NASA plans to include a small, autonomous rotorcraft as part of its Mars 2020 rover mission in order to demonstrate the viability and potential of heavier-than-air vehicles on the Red Planet.
NASA plans to include the Mars Helicopter, a small, autonomous rotorcraft, as part of its Mars 2020 rover mission, currently scheduled to launch in July 2020. The agency aims to demonstrate the viability and potential of heavier-than-air vehicles on the Red Planet.
Launched in August 2013 as a technology development project at NASA’s Jet Propulsion Laboratory (JPL), the Mars Helicopter weighs in 1.8kg. Its twin, counter-rotating blades will rotate at almost 3,000 rpm – about 10 times the rate of a helicopter on Earth, to compensate for the thin Martian atmosphere.
The helicopter also contains solar cells to charge its lithium-ion batteries, and a heating mechanism to keep it warm through the cold Martian nights.
The vehicle will have an autonomous capbility to receive and interpret commands from the ground and then fly the mission on its own.
The full 30-day flight test campaign will include up to five flights of incrementally farther flight distances, up to a few hundred meters, and longer durations as long as 90 seconds, over a period. On its first flight, the helicopter will make a short vertical climb to 10ft (3m), where it will hover for about 30 seconds.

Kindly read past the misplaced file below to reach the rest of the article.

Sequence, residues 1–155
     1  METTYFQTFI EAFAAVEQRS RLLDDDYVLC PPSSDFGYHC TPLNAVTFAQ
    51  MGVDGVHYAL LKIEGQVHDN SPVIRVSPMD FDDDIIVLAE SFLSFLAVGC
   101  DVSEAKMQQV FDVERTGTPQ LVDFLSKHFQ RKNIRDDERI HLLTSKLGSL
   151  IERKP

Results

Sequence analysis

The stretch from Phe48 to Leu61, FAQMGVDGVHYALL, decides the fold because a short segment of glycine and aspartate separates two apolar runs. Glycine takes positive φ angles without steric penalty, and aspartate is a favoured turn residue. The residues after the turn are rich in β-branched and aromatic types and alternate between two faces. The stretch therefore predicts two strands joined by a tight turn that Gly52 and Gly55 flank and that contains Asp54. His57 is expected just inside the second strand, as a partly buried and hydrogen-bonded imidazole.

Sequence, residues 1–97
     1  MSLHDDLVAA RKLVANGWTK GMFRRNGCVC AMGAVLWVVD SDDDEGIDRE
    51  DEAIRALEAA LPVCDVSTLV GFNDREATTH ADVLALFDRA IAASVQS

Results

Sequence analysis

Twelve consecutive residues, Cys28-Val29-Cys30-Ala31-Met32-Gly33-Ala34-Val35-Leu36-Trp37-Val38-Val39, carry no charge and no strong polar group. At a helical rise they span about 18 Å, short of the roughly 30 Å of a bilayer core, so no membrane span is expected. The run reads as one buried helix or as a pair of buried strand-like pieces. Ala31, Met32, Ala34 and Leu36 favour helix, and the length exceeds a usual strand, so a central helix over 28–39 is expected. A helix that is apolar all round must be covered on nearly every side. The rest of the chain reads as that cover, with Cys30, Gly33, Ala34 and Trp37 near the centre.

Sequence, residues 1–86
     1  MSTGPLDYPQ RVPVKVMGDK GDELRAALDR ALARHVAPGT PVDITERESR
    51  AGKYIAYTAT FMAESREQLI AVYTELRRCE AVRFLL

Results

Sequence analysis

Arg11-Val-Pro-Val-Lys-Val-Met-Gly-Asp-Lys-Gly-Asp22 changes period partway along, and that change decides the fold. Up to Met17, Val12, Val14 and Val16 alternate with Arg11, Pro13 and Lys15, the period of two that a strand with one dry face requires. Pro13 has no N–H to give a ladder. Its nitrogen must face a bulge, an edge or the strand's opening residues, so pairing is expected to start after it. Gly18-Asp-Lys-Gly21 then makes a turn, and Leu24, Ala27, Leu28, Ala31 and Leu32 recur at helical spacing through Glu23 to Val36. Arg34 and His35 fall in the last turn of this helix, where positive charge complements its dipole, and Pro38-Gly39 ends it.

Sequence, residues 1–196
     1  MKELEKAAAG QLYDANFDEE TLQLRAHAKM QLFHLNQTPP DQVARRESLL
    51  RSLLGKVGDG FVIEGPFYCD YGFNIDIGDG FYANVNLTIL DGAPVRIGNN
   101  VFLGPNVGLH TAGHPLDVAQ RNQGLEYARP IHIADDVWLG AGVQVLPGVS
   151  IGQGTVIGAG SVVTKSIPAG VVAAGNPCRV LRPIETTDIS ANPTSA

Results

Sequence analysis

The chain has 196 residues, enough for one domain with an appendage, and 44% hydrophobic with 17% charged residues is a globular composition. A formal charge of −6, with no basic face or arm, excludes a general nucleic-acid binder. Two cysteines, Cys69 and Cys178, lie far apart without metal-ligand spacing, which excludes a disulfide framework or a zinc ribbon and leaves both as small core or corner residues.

NASA says the Mars Helicopter is considered a high-risk, high-reward project. If it does not work, the Mars 2020 mission will not be impacted. If it does work, helicopters may have a real future as low-flying scouts and aerial vehicles to access locations not reachable by ground travel.
Mars 2020 will launch on a United Launch Alliance (ULA) Atlas V rocket from Space Launch Complex 41 at Cape Canaveral Air Force Station in Florida, and is expected to reach Mars in February 2021.
The rover will conduct geological assessments of its landing site on Mars, determine the habitability of the environment, search for signs of ancient Martian life, and assess natural resources and hazards for future human explorers. Scientists will use the instruments aboard the rover to identify and collect samples of rock and soil, encase them in sealed tubes, and leave them on the planet’s surface for potential return to Earth on a future Mars mission.